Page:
WHO IS UNDER CONTRACT FOR 2018: Thuney, Mason, Andrews, Karras, James Ferentz, Jason King

HOW DIRE IS THE NEED: Not dire. At all, really. It's a 1 out of 10. They have three young, relatively healthy, improving players who will come back in 2018 and should slot in as immediate starters. The No. 1 backup at all three interior spots, Karras, is back as well. Ferentz is veteran depth piece who spent last season on the team's practice squad and was given a future contract by the team soon after the Super Bowl. Jason King (and Cole Croston who can play both guard and tackle) will also be back with the team when offseason training begins. 

WHAT'S AVAILABLE IN FREE AGENCY: The best guard on the market was one of the best guards in the league in 2017: Carolina's Andrew Norwell. Other veterans who will garner interest on the market? Colts 2014 second-round pick Jack Mewhort and former Patriots starter Josh Kline. Jonathan Cooper, briefly a Patriot, will also be back on the market this offseason. Will the Patriots be interested in any of them? My guess is no, unless the team is put in an impossible situation at left tackle and they want to try Thuney on the outside, freeing up their left guard spot . . . but that's a pretty far-fetched scenario at this point. Even though Thuney played tackle in college, the Patriots drafted him to play on the inside. 

WHAT'S AVAILABLE IN THE DRAFT: Notre Dame's Quenton Nelson will be fascinating to track on draft day. The 330-pound guard is considered by some to be one of the two or three best football players in the draft. He's touted by experts as a surefire longtime starter with All-Pro potential. But he's a guard. Are teams going to be willing to spend a top-10 or top-15 pick on a position that is ably filled by late-round picks and undrafted players all over the league? Nelson's an interesting case study in that regard. It's a pretty strong draft class at the top, it seems. Georgia's Isaiah Wynn and Texas-El Paso's Will Hernandez have received first-round buzz, as have a few centers: Iowa's James Daniels, Arkansas' Frank Ragnow and Ohio State's Billy Price. Then there are the tackles-who-may-be-guards-at-the-next-level. Texas' Connor Williams, who we mentioned in our tackle assessment, is the biggest name who could end up getting kicked inside.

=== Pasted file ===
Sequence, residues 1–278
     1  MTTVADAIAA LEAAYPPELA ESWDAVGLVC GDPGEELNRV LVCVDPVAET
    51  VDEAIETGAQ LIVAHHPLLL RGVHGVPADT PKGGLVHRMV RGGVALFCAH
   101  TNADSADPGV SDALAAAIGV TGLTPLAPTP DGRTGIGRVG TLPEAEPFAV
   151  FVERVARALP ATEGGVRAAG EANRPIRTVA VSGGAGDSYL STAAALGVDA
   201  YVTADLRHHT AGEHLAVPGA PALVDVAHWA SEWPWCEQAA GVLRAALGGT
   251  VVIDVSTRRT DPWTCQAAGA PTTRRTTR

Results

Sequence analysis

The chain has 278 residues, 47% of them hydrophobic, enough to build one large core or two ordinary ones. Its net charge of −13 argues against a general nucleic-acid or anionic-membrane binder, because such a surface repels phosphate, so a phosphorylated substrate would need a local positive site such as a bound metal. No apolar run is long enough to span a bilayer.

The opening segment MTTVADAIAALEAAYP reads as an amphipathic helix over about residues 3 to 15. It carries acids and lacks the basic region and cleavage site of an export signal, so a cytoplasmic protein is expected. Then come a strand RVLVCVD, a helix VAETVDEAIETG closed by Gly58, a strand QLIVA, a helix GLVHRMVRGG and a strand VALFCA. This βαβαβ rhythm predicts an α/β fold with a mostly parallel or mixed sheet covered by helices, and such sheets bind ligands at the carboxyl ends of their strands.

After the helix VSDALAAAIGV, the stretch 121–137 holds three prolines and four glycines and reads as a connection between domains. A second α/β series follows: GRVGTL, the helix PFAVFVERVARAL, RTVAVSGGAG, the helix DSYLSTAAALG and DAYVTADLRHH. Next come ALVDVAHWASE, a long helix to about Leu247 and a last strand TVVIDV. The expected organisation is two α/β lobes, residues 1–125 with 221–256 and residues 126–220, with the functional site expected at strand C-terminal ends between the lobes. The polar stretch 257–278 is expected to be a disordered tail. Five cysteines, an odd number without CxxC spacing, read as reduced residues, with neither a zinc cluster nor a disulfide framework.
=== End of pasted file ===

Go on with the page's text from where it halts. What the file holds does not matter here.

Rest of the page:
HOW THE PATRIOTS CAN ADDRESS IT: There really isn't much to address, in my opinion. However, there's a little wrinkle here that's worth keeping in mind. The Patriots were reportedly interested in drafting Indiana's center/guard prospect Dan Feeney in the third round last year. They had the 72nd pick. He ended up going to the Chargers at No. 71. The Patriots traded down for a pair of picks when Feeney was gone. One was used to get defensive end Derek Rivers. The other helped them snag tackle Tony Garcia. Why the interest in Feeney? His size (6-foot-4, 305 pounds) and athletic profile (7.52-second three-cone, 101-inch broad jump) actually compared somewhat favorably to those of Logan Mankins (6-4, 307, 7.52-second three-cone, 95-inch broad jump). The idea of having him at center, between Thuney and Mason, could've been enticing. So will the Patriots jump at the chance to add a similarly-gifted player to play in the middle if the opportunity presents itself? Never say never, but I don't think so. Andrews received an extension after the draft, keeping him in New England through 2020, and he was named a captain before the 2017 season.